Once children become young adults, all bets are off. Between the Internet and all the other media to which young people are exposed, a young person becomes aware of a wide variety of points-of-view, including those that relate to the supernatural. The young adult is free to become an agnostic, an atheist, or develop a belief in a different type of supernaturalism.

It’s a terrible inconsistency with dangerous psychological implications for a child. “Don’t believe in that monster under the bed. Why? Because there’s no evidence he’s there.” Then, out of the same mouth comes, “Believe in the supernatural, at least if it’s according to our particular faith. And it’s bad to ask for evidence!” Why or how are these different? No answer is given, other than, “Just have faith.”

“But,” one might ask, “why this faith and not that faith?” Why God, or Allah, but not Santa Claus or the purported monster under the bed?”

“Because those faiths are mistaken, wrong and irrational; and ours is good, sensible, the truth.”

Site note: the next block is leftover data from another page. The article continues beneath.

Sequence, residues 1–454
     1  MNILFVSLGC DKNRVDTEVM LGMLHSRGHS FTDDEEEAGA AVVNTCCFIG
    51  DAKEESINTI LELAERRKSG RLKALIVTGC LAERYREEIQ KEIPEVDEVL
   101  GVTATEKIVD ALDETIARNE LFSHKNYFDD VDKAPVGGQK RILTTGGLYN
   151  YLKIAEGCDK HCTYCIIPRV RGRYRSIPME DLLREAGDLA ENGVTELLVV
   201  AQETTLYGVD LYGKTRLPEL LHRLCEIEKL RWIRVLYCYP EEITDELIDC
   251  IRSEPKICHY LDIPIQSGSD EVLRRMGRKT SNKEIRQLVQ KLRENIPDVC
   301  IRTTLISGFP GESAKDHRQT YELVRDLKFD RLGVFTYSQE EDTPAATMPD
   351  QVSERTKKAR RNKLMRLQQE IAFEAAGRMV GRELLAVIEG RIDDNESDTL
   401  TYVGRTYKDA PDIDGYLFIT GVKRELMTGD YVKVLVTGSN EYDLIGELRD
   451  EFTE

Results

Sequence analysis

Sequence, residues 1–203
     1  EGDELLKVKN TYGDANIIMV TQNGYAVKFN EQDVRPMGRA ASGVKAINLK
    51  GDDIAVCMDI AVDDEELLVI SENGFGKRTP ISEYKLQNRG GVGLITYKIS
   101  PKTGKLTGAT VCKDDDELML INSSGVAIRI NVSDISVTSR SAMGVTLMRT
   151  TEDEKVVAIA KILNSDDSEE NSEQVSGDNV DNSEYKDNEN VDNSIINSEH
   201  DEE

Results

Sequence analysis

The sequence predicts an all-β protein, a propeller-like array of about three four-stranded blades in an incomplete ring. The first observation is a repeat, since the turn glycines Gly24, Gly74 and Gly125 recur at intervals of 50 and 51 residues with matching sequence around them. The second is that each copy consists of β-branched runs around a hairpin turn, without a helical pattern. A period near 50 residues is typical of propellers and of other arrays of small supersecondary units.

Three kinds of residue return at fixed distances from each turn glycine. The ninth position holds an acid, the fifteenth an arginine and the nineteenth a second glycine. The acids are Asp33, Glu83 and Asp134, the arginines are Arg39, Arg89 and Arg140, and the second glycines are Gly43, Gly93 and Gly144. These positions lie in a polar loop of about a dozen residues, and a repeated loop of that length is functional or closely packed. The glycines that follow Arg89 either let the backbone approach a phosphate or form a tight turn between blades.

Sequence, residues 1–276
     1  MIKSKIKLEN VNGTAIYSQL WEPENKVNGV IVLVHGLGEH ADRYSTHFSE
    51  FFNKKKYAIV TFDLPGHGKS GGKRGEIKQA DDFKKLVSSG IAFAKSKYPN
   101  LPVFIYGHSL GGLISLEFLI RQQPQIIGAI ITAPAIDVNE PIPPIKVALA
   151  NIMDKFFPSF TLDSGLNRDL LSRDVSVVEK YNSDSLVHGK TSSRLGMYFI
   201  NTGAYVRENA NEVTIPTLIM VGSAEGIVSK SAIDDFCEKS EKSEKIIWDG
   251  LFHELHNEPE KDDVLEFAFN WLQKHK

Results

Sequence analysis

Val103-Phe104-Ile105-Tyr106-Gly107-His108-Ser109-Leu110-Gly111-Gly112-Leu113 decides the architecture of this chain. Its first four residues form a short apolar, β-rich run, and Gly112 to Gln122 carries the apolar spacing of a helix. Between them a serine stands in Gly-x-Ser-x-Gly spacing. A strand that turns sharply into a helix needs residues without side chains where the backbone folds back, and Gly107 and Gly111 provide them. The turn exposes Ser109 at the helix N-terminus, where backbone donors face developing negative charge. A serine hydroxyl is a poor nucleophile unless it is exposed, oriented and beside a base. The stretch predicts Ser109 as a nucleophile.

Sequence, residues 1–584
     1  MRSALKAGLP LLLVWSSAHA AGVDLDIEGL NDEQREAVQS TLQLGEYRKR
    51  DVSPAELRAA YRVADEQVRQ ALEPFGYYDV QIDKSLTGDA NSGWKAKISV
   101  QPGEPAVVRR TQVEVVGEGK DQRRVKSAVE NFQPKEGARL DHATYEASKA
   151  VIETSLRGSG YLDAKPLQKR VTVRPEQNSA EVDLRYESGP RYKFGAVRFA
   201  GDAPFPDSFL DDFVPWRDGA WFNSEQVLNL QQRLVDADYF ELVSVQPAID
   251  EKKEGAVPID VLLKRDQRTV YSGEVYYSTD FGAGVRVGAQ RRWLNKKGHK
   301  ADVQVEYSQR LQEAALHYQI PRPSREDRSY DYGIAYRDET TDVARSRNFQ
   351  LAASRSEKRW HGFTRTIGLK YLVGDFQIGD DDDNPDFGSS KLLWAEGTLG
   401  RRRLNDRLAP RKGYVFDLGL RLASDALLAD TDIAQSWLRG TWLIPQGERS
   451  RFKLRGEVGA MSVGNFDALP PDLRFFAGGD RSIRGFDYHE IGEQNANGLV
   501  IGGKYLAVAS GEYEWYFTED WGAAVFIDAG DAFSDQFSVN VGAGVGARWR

“Then what makes one faith good and the other bad? What’s the standard of proof?” No answer. Just, “Believe.”

In the 1960s, Ayn Rand and Nathaniel Branden used the term psychoepistemology to describe a person’s habitual, internalized way of knowing. Faith or reason are each examples of ways of knowing. In philosophy, faith and evidence-based reason are polar opposites. Yet in the lives of children almost everywhere, reason is sometimes encouraged (or is a self-evident necessity), while “faith” is upheld for inexplicable reasons never given. Most people have a psychoepistemology of an unstable and contradictory mixture of faith and reason. In other words, most approach life and existence with rationality and common sense in some areas, and blanked-out faith in others.